He liked to think that Marguerite recognised him as different from the other humans who passed in front of her eyes, that she returned his gaze and some inchoate, tender memory stirred in her feline brain. He sometimes fancied that he discerned a softness in her expression, and that she would be happy, had he reached through the bars and stroked the broad slope of her muzzle, or caressed the rough velvet behind her ears. Some of the cats were relatively docile: Tancred, for all his fearsome appearance, was lazily tolerant, Olga, the lynx, could be as playful and affectionate as a kitten, but Marguerite was always aloof and unpredictable. Last year, a keeper had gone into her cage to remove some rubbish. He hadn’t startled her; hadn’t done anything foolish, but in less than the blink of an eye she lashed out, and the man had been lucky not to lose an arm.
Victor did not reach through the bars; he might be sentimental, but he wasn’t stupid. Nevertheless, he loved Marguerite with a devotion that sometimes puzzled him.
Now the tigress blinked lazily. Of course it was folly to imagine there was any feeling there for him. She seemed to focus on him, and a soft, deep growl emanated from her throat. He felt it thrum in his ribs and pelvis; his bones a tuning fork she casually struck. Then, just as casually, she turned her head away, bored (not bored? how would he know?), lifted a massive, cinnamon paw and began to wash.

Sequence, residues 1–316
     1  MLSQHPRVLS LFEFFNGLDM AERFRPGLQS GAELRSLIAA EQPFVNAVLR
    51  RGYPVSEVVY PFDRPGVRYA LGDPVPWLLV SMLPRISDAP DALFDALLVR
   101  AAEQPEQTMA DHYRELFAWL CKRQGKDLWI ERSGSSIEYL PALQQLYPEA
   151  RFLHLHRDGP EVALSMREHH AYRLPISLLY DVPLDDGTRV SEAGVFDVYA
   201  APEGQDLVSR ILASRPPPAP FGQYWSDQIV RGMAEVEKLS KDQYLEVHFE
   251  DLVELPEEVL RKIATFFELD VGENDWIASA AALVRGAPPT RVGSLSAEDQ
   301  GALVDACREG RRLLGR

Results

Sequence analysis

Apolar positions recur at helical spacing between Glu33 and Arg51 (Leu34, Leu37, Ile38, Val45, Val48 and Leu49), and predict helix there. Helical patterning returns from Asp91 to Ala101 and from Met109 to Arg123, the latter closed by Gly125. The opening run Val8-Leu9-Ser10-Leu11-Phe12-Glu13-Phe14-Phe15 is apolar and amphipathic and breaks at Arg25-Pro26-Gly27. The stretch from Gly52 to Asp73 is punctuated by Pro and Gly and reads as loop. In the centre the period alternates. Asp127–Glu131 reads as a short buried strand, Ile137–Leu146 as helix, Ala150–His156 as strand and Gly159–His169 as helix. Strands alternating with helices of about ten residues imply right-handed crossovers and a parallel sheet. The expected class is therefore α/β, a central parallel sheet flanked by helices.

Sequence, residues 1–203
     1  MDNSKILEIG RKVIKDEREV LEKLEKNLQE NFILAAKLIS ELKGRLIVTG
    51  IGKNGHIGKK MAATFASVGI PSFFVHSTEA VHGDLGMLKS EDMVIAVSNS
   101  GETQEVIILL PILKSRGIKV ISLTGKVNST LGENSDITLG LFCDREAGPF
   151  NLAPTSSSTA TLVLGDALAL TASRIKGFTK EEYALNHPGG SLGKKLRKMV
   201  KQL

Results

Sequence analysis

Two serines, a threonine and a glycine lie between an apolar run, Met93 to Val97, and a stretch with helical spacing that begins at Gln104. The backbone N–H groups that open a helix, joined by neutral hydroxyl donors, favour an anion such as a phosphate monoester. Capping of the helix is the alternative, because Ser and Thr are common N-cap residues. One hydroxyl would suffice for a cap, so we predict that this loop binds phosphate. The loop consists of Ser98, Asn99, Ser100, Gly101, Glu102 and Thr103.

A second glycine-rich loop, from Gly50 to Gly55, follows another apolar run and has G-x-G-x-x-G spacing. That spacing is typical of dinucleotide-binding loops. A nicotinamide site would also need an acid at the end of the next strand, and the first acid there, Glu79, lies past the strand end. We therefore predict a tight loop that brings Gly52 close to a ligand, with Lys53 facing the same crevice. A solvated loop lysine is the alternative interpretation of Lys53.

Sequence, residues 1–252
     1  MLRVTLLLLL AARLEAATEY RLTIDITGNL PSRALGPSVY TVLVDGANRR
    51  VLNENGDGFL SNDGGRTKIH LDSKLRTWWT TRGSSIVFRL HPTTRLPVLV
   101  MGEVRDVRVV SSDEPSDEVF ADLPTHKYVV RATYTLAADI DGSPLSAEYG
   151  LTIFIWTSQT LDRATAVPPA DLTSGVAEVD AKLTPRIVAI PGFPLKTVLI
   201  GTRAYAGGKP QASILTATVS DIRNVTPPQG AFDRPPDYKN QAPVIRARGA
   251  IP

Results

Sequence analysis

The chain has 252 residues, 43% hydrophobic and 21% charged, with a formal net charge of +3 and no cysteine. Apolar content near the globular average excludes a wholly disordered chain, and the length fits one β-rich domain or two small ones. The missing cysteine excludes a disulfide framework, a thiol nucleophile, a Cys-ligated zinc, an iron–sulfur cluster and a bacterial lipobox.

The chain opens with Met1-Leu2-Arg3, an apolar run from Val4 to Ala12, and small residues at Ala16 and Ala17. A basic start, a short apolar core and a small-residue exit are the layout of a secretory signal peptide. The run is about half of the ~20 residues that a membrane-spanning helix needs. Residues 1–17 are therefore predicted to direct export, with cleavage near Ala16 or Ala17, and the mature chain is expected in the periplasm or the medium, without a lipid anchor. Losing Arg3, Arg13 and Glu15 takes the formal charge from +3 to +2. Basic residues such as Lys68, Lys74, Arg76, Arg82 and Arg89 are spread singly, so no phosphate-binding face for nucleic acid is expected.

Mondays were always busy for the veterinarians, as Sunday was the day of free entry to the public, and the hoi-polloi of Paris had a tendency to throw things into the cages. The keepers tried to prevent visitors from poking umbrellas through the bars (with or without needles attached) or chucking rotten eggs into enclosures, but there weren’t enough of them to prevent mishaps, and, sometimes, tragedies. Robitaille, the head keeper of the cat pavilion, was a good man who truly cared for his charges, but some of